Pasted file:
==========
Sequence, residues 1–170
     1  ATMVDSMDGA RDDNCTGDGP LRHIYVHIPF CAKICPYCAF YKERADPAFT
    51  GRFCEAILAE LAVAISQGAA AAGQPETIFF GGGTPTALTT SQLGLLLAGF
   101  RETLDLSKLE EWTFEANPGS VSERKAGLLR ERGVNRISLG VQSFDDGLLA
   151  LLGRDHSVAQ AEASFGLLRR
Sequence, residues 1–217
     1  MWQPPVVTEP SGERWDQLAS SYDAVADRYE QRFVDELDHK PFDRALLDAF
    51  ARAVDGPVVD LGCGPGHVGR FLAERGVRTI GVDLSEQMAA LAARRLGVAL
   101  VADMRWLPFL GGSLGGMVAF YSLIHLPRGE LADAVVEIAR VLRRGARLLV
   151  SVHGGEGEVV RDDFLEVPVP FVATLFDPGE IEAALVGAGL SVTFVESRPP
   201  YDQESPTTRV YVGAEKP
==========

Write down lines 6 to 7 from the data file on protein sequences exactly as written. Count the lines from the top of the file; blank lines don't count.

Sequence, residues 1–217
     1  MWQPPVVTEP SGERWDQLAS SYDAVADRYE QRFVDELDHK PFDRALLDAF